"These failures are not related in any way to the credit of the city or it's associated issuers, but reflects what's going on in the auction market, the illiquidity, uncertainty over some of the monoline bond insurers, and technical factors such as low maximum interest rates on some bond series," New York City deputy comptroller for public finance Carol Kostik said. "We are monitoring the market. We have been developing some financing alternatives and if the market doesn't correct itself we will be taking some steps, but I don't have anything to discuss at this point."

Kostik said the market was "idiosyncratic" and that some auctions had cleared.

Deputy city budget director Alan Anders stressed that the amount of city debt in auction-rate mode is small compared to its overall debt portfolio.

The Port Authority of New York and New Jersey is looking at potentially refunding its auction-rate securities after an auction failed on Monday and interest rates reset to 20%.

Long Island Power Authority chief financial officer Elizabeth McCarthy said yesterday that two auctions failed Monday, and the New York Power Authority said that one of its auctions had failed. The New York Metropolitan Transportation Authority also had an auction fail on Monday, and a New York State Thruway Authority auction failed yesterday as well.

The New York City Housing Development Corp. has four conduit issuances that are in auction-rate mode. HDC will convert one of those into variable rate demand obligations on Friday. The New York State Housing Finance Agency has already converted or begun converting two auction rate series.

"This is just a wholesale dumping of the product for no real good reasons other than people are panicked or extremely risk averse," said Doreen Frasca, president of financial advisory firm Frasca & Associates, LLC. "It's kind of like the running of the bulls, when the bulls are stampeding you either get out of the way or you run with them and adopt a herd mentality."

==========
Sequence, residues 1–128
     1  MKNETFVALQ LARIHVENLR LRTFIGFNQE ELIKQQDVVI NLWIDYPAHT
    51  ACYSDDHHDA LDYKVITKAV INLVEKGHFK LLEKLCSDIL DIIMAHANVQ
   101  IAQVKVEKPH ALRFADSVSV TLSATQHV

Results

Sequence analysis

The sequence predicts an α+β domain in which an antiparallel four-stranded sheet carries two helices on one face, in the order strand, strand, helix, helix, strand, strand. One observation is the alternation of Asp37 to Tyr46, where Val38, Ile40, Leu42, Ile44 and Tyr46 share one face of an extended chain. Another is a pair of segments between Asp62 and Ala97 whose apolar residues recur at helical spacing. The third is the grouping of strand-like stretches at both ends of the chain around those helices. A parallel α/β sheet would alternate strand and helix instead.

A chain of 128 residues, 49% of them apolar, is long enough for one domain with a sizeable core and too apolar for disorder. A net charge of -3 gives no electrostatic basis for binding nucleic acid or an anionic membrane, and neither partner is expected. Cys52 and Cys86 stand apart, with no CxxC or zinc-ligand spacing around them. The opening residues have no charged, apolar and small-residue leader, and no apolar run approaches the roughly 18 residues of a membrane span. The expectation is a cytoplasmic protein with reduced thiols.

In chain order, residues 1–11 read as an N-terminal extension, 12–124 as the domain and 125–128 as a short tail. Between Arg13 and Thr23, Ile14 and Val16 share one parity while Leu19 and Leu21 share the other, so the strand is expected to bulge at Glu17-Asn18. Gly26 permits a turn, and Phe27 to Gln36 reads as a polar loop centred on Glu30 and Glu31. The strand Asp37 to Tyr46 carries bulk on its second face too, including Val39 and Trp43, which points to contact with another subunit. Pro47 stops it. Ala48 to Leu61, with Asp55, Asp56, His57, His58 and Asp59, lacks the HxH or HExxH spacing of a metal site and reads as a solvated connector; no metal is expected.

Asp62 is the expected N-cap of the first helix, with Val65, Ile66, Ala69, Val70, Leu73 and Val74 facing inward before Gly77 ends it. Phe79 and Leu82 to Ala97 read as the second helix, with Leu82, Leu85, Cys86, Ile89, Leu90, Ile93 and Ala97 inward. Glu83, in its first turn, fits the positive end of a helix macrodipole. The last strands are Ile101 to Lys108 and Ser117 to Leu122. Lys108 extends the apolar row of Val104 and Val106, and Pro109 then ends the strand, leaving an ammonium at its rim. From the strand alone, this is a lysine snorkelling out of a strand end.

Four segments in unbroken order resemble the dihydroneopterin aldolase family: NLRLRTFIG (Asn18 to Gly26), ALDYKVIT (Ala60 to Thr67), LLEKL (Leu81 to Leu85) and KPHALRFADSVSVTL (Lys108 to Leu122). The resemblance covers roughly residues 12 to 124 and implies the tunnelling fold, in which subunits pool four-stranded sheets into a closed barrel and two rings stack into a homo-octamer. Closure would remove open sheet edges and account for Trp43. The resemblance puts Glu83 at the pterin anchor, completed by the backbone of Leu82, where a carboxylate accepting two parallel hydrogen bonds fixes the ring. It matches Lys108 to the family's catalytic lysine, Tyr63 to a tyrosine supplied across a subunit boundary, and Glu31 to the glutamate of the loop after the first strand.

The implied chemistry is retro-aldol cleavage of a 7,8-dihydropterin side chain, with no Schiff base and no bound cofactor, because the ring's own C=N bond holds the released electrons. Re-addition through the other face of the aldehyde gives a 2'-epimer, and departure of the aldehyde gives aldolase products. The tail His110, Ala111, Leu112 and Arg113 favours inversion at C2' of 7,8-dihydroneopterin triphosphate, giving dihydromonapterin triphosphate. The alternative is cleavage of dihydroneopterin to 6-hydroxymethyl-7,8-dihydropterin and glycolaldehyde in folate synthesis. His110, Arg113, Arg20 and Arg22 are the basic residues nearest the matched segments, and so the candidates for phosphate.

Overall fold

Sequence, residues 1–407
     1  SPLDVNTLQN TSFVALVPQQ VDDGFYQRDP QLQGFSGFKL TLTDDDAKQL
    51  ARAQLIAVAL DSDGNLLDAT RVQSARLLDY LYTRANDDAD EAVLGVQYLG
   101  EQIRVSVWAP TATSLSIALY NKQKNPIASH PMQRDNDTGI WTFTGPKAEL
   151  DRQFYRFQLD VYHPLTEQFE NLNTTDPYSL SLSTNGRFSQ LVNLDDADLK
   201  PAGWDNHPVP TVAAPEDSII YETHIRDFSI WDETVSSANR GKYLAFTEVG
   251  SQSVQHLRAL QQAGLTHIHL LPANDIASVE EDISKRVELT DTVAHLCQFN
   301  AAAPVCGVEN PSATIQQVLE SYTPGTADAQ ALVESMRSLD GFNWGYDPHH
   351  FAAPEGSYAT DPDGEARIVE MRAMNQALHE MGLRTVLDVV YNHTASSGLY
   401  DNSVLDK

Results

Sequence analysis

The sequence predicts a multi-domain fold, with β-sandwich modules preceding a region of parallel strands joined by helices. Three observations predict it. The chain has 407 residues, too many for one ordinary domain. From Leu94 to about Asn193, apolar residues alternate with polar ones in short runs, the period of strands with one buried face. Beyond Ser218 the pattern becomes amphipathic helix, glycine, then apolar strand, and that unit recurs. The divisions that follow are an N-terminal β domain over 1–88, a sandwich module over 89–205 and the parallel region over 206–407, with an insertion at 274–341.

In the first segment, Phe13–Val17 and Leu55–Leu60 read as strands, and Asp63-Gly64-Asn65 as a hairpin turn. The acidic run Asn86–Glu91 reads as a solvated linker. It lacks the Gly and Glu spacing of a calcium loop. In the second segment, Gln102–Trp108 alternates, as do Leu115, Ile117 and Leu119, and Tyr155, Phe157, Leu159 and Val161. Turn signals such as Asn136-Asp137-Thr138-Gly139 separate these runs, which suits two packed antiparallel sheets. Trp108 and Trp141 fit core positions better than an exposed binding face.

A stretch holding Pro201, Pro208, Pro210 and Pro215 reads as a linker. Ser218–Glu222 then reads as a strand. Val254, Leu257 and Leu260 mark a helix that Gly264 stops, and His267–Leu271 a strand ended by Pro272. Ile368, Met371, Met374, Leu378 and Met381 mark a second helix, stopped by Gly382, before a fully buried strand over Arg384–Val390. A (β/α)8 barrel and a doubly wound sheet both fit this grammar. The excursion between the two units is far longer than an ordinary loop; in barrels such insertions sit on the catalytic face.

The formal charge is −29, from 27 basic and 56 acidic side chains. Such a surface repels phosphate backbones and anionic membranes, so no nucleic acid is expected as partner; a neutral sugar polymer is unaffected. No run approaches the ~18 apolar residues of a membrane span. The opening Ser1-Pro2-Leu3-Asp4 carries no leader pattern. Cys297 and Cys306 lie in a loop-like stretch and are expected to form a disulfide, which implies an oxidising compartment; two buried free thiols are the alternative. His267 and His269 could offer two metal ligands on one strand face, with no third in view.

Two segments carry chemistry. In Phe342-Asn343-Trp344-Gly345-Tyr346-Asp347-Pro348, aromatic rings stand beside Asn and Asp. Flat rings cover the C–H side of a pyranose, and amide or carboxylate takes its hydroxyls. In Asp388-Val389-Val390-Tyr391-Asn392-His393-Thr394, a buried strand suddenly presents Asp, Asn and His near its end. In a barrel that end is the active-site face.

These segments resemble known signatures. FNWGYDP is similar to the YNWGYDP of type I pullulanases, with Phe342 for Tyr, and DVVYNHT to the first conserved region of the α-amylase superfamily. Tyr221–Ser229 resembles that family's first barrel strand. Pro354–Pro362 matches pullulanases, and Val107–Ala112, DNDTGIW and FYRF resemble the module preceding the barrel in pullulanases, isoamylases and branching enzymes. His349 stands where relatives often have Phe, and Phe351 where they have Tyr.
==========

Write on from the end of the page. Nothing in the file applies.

One difficulty that issuers looking to convert to another mode such as VRDO is the cost of letters of credit, which has spiked. Frasca said she's seen LOC quotes for three year terms "north of 50 basis points" compared to a ten-year term for 16 basis points for one of her clients last June.

The turmoil is keeping bonds counsel busy as well.

"All of our clients that are in auction-rate are looking at their alternatives," said Sidley Austin LLP attorney Homer Schaaf.

In Alabama, where Jefferson County has used auction-rate securities extensively, county commission president Bettye Fine Collins said in a statement that the county is preparing a disclosure document concerning its debt.

"The recent downgrades of several bond insurers by the rating agencies is causing significant disruptions in the public finance markets generally, including substantial increases in the rates of interest borne by certain types of variable rate debt," said Collins. "We are taking the matter seriously and will be meeting with advisers to determine the appropriate course of action to deal with these developments, including preparation of a complete disclosure document. We will provide further information when that document is available."

Jefferson County's financial and swap adviser, Jim White, president of Birmingham-based Porter, White & Co., declined to comment.

Reporter Shelly Sigo contributed to this story